It's funny how life works out. Had Matthew Macklin been awarded the decision many say he deserved against WBA middleweight titlist Felix Sturm last June, he might not have gotten Saturday's fight against Sergio Martinez, regarded by most as a top three pound-for-pound entrant and the rightful WBC middleweight champion. That's because unification bouts are so difficult to arrange politically and logistically. One could say that for Macklin, a short-term setback has yielded a career-defining opportunity that could reap untold fortune should he seize it.

Will the gritty Brit score the major upset or will Martinez take another step toward Canastota?  The oddsmaker’s overwhelmingly favor Martinez, who’s a 10-1 favorite.  Their CompuBox pasts provide these informational nuggets:

> Read more CompuBox analysis of Sergio Martinez vs. Matthew Macklin on

Matthew Macklin: ‘I perform best on the big stage.’

By Richard Fletcher

Matthew Macklin

With your Irish roots, how does it feel to be fighting Sergio Martinez for the world title on St Patrick's Day at one of the most famous boxing venues in the world?

The scene is set. It's Madison Square Garden, St Patrick's Day. You couldn't make it any better. There's a bit of an omen. My first-ever amateur boxing match at the Grand Hotel, in Birmingham [England], was on St Patrick's Day in 1994. So it will be 18 years to the day.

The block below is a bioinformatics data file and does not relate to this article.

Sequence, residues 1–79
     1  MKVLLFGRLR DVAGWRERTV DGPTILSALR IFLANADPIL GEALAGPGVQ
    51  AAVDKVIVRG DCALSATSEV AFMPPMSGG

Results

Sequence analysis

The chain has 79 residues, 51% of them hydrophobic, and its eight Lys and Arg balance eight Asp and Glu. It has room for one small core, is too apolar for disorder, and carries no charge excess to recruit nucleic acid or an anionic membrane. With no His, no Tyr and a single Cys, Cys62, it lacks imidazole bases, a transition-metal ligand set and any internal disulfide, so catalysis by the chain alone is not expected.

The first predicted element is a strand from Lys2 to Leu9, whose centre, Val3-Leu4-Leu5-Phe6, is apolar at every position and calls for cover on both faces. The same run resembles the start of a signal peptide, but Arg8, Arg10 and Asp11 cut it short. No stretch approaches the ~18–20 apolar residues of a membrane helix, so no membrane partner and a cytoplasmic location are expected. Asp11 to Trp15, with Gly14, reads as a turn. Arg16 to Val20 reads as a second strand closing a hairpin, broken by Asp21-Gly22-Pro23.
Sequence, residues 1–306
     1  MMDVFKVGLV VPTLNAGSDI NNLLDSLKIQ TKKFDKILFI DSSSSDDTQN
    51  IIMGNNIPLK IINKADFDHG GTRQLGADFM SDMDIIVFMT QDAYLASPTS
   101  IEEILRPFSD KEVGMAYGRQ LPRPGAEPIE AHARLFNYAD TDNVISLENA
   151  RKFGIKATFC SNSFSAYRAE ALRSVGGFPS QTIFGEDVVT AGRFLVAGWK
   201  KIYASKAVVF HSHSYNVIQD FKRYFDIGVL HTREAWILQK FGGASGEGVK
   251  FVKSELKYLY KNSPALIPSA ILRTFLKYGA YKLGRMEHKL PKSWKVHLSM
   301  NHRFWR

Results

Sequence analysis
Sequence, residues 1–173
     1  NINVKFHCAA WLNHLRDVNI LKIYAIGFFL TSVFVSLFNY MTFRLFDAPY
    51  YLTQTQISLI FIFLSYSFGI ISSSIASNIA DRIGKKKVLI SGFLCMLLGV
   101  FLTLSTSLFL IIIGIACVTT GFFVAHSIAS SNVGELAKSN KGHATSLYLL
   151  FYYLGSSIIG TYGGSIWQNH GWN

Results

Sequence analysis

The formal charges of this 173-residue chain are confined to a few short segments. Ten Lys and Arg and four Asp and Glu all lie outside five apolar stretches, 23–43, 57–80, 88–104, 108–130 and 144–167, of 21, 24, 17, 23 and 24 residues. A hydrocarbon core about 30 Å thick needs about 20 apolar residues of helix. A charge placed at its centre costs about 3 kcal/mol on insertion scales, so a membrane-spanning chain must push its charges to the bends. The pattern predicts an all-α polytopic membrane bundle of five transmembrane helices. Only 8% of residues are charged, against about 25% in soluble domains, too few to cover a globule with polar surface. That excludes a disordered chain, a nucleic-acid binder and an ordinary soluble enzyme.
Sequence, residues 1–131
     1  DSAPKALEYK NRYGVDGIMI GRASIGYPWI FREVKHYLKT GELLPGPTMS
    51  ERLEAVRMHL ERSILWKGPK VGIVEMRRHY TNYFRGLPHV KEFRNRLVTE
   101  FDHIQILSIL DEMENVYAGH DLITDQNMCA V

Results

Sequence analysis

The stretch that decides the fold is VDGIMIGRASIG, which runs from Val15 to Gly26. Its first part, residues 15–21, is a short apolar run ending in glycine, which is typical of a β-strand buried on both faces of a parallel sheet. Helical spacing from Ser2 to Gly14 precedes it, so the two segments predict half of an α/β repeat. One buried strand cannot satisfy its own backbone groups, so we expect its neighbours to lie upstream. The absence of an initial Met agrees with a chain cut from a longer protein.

Do you see this as your chance to gatecrash the big time?

I think so. I've said before that I feel I'm a fighter who performs best on the big stage, against a tough opponent. That's what brings the best out in me. I've had fights where I've been a big favorite, when I've won, but I've under-performed. But when I've gone into fights where they [the media] have thought I'm up against it, or they think it's gonna be a 50-50 fight, that's when I shine.

What did you learn from the Felix Sturm fight – which was lost on a highly debatable split decision -- that could help you in this bout?

I think I probably started a bit too quick. In terms of what's going to help me from a tactical point of view, it's not so great because the styles are so different. I think it's the confidence. Going into the Sturm fight, I had a 12-month period where nothing had really happened. I hadn't felt great. But I really enjoyed training for the Sturm fight and, on the night, I performed. I didn't get the decision, but I performed, I proved myself. I always believed in myself. I believed I was gonna win the Sturm fight, but I don't think anyone else did. As much as I'm the underdog in this fight, I was a bigger underdog in the Sturm fight because of current form. As a result of the Sturm fight, I'm considered among the top three or four middleweights in the world, so it's not such a [bad thing].

Has fellow Brit Darren Barker, who lost in 11 rounds to Martinez in October, given you any advice about the fight?